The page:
GREENFIELD, MASSACHUSETTS—Normally the Green River Festival dawns hot and stays that way, but the 2016 version was cool and misty. Not that I was complaining. I’m usually weighing listening to a hot band or making a dash for the thoughtfully provided cooling station. (I wish all outdoor festivals were this well organized; Green River and Caramoor in New York are the best).
This is my third Territorial Imperatives report from the Green River Festival, and unless the pearly gates call it won’t be my last. I always discover new music at Green River, which is joined at the hip to my favorite record label, Signature Sounds. Jim Olsen is both the festival director and the label’s founder—it’s a family event. Sometimes when a new band appears at the festival, they proudly proclaim they’ve just been signed.
We got to the festival under threatening skies just in time to see Lula Wiles, the female Americana trio from Boston I’d somehow missed at Caramoor. They have strong original songs written by all three, and both guitar players also play fiddle—how’s that for variety? Here they are on video:
Venice, California’s Dustbowl Revival (Signature Sound artists!) manage to marry New Orleans horns with bluegrass in a delightful fashion. The lead vocals are shared by Zach Lupetin and Liz Beebe, and both can really belt ‘em out—on old songs (really old, some of them) and new ones that sound old. The fiddler and horn players (trombone and trumpet) are all very strong, and it’s no hardship when the vocals take a back seat.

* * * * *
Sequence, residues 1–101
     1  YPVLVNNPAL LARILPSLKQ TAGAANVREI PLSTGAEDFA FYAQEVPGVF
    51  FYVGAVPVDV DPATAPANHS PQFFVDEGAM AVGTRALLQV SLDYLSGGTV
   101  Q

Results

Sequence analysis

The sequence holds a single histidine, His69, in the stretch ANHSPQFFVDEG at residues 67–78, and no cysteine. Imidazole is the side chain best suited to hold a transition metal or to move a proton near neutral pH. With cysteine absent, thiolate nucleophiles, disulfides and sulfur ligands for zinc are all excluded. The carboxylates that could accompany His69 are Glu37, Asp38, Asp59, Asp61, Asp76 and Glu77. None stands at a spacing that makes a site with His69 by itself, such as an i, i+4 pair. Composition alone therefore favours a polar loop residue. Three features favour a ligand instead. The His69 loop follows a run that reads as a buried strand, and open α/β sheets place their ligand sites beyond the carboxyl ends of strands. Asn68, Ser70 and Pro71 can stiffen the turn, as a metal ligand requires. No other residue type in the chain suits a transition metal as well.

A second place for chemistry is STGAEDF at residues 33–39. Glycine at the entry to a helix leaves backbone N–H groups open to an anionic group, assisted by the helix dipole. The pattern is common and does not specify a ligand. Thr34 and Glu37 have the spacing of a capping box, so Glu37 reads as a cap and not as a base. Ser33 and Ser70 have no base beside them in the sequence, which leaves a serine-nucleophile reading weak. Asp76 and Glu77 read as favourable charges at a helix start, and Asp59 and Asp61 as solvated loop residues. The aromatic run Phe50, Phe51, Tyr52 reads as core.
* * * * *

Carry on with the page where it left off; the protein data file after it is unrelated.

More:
My discovery of the day was Hannah and Maggie, also on the Four Rivers Stage. The pair met at nearby Smith College, where they were part of what I think they said was the Smithenpoofs. As they pointed out, the other well-known lesbian folk acts are The Indigo Girls and Tegan and Sarah, and people who compare them to the former are not that far off. But don’t pigeonhole them. What makes Hannah and Maggie stand apart is the strength of their songwriting and singing. C’mon, it’s just the two of them up there with guitars—with weak material it would be a trial to listen to them. But their songs were uniformly excellent in an all-original set (with one song, “The Boxer,” from that other well-known lesbian duo, Simon and Garfunkel).
Leland Sundries, featuring the songs of leader Nick Loss-Eaton were another pleasant Green River surprise at a festival that doesn’t like to get slotted into the folk bucket. Nick is a great balladeer whose baritone gets him into James McMurtry territory, but he also rocks out—especially on a song hoping that a zombie apocalypse will get him back together with his girlfriend.
A disappointment, for me, was Shovels and Rope, whose duo albums I’ve loved. In person they were shouty and monotone. The songs have subtlety, but they weren’t coming through on the main stage. Here they are on video, with the quietest song in the set:
Not all the good music was on the stage. As at Caramoor, there’s a lot of off-stage jamming. Here’s a bit I caught in the rain at the guitar/ukelele tent out of Easthampton:
Special mention should go to the food vendors, who never gouge. Coffee? $2. The ample tangine at Aurora’s Gypsy Café? $8.